ROADSIDE PROPHETS Add To My Top 10
Release Date: March 27, 1992
Genre: Road Picture/Comedy
Audience: Young Adults & adults
Runtime: Approximately 105 minutes
Distributor: New Line Cinema
Director: Abbe Wool
Producer: Abbe Wool
Writer: Peter McCarthy & David Swinson
Address Comments To:
(LLL, Ab, NN, S, H, A/D) Over 52 obscenities & 8 profanities; Christians and Pro-lifers portrayed as psychos; brief nudity at strip joint; implied one night stand; and, drug-induced "heightened reality" & alcohol abuse.
Two lost souls wander aimlessly across Nevada EASY RIDER style in search of a place to bury the ashes of a dead friend. Only moderately entertaining to begin with, ROADSIDE PROPHETS, with its nihilism and repeated attacks on Christianity, is definitely one to miss.
In ROADSIDE PROPHETS, when a friend dies, factory worker Joe Mosley honors his friend's last wish to visit "Eldorado," a town in Nevada. A few days later, Joe sets out from L.A., the friend's ashes strapped to his Harley. Joe meets Sam, a young biker who insists on tagging along. Together they stay at cheap motels and eat at truck stops. Predictably, they encounter assorted wackos and freaks including a fatalistically existential state trooper, geeky corporate-clone hotel clerks and Timothy Leary, who is still praising drugs. After many a misadventure, they locate "Eldorado." In celebration, they blow their cash and their bikes at the Jackpot Casino. Then, they dispose of the ashes and hitchhike off into the sunset.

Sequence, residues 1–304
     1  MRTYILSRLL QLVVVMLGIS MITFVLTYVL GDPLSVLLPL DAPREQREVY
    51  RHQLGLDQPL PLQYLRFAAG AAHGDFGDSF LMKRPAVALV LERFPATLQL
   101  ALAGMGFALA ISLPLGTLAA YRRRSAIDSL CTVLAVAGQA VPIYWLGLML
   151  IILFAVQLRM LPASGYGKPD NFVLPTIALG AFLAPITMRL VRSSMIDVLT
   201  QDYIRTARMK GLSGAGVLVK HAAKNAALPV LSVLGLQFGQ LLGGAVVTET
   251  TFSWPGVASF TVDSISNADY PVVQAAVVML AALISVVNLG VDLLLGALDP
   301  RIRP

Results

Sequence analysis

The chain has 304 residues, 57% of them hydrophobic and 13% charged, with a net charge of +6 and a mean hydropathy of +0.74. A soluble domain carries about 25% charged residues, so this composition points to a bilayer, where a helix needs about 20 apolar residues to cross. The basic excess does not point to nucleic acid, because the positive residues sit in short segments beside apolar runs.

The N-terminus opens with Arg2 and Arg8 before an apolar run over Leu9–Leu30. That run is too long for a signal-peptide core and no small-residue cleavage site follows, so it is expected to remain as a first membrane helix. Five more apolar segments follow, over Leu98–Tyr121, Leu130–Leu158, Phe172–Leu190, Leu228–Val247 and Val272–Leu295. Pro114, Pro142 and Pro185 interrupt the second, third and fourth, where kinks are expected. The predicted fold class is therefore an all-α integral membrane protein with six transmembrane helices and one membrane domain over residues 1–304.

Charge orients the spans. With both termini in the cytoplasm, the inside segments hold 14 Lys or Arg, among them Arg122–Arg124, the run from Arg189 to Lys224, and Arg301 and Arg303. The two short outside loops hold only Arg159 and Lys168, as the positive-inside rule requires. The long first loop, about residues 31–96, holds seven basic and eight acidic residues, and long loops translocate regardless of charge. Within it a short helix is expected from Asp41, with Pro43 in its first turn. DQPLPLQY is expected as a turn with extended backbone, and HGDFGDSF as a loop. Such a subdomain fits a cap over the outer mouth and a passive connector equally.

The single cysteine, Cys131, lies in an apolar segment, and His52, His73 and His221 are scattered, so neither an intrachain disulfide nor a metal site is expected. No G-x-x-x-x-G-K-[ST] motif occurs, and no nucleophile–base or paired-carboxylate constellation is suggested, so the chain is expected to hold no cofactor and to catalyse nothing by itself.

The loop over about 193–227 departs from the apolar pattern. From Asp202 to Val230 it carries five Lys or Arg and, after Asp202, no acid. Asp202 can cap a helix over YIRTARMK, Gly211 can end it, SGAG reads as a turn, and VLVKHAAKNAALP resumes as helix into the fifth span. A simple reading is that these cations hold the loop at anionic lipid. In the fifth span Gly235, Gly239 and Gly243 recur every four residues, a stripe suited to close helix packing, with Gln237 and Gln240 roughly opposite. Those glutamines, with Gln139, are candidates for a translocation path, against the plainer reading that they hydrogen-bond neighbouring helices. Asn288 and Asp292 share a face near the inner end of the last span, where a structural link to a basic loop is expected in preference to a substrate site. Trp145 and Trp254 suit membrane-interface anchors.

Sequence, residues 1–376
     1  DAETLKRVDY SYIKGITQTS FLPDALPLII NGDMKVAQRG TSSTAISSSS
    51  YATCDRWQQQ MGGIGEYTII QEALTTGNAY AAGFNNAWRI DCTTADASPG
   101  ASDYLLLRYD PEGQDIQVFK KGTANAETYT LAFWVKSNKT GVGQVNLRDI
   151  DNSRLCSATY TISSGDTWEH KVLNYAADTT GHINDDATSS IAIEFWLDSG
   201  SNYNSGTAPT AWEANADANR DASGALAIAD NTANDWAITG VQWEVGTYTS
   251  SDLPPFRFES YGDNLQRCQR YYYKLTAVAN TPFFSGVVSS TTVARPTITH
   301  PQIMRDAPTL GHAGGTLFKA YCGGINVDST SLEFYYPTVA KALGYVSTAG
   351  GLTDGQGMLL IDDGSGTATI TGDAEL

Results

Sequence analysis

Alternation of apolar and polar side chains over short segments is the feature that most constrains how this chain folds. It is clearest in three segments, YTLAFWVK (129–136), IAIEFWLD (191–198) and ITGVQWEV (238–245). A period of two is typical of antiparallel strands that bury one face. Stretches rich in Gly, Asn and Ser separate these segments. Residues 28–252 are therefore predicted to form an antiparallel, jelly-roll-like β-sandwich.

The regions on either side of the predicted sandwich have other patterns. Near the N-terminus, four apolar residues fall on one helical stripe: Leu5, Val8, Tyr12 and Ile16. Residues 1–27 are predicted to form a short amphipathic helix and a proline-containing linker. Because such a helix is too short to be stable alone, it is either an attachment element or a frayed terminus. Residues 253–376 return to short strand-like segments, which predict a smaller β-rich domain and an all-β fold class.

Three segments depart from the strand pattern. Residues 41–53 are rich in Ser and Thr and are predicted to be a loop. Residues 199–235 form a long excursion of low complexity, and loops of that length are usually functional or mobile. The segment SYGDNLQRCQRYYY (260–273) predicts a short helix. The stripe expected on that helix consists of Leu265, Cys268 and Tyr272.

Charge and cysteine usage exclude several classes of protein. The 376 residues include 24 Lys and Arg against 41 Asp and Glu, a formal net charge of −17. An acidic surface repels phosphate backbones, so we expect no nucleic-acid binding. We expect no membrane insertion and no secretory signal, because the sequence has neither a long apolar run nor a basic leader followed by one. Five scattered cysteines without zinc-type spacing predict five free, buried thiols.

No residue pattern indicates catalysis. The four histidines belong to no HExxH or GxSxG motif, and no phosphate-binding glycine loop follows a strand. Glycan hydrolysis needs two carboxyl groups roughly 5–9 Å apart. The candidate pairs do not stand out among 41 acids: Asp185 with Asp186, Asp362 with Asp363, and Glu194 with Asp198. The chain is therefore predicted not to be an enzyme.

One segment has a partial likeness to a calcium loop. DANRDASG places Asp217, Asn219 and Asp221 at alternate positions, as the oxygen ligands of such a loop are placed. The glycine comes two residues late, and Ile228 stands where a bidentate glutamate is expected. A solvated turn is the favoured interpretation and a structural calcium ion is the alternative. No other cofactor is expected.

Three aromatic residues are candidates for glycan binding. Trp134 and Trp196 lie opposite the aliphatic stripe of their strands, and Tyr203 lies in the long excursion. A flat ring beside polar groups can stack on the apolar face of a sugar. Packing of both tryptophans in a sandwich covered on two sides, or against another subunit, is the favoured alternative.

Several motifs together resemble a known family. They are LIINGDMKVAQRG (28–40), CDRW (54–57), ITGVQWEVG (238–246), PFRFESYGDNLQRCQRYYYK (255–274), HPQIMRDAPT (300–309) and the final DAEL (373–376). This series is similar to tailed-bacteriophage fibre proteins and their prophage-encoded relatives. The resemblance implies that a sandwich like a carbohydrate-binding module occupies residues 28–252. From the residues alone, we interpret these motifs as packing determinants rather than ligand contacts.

Though ROADSIDE PROPHETS begs to be the EASY RIDER of the nineties, its comic nihilism makes such a comparison difficult. Aside from nice cinematography, few viewers will derive much more than a few laughs from this low-budget ride into nothingness. Moral individuals will take offense at the repeated Christian bashings, which include an inflammatory depiction of a fanatical pro-life mailman who blows himself up in solidarity with the unborn.